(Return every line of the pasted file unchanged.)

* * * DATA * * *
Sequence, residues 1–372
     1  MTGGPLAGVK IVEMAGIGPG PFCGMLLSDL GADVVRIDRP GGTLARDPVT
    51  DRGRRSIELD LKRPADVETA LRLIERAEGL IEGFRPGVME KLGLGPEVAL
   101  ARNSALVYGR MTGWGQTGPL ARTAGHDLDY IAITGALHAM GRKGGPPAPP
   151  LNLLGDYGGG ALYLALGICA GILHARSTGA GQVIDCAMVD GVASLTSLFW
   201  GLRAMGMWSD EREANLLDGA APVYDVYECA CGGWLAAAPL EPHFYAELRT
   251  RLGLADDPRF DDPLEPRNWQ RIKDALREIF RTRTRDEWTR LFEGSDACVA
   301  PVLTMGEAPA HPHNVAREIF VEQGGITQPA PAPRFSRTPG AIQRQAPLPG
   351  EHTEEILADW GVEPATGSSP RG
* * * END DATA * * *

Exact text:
Sequence, residues 1–372
     1  MTGGPLAGVK IVEMAGIGPG PFCGMLLSDL GADVVRIDRP GGTLARDPVT
    51  DRGRRSIELD LKRPADVETA LRLIERAEGL IEGFRPGVME KLGLGPEVAL
   101  ARNSALVYGR MTGWGQTGPL ARTAGHDLDY IAITGALHAM GRKGGPPAPP
   151  LNLLGDYGGG ALYLALGICA GILHARSTGA GQVIDCAMVD GVASLTSLFW
   201  GLRAMGMWSD EREANLLDGA APVYDVYECA CGGWLAAAPL EPHFYAELRT
   251  RLGLADDPRF DDPLEPRNWQ RIKDALREIF RTRTRDEWTR LFEGSDACVA
   301  PVLTMGEAPA HPHNVAREIF VEQGGITQPA PAPRFSRTPG AIQRQAPLPG
   351  EHTEEILADW GVEPATGSSP RG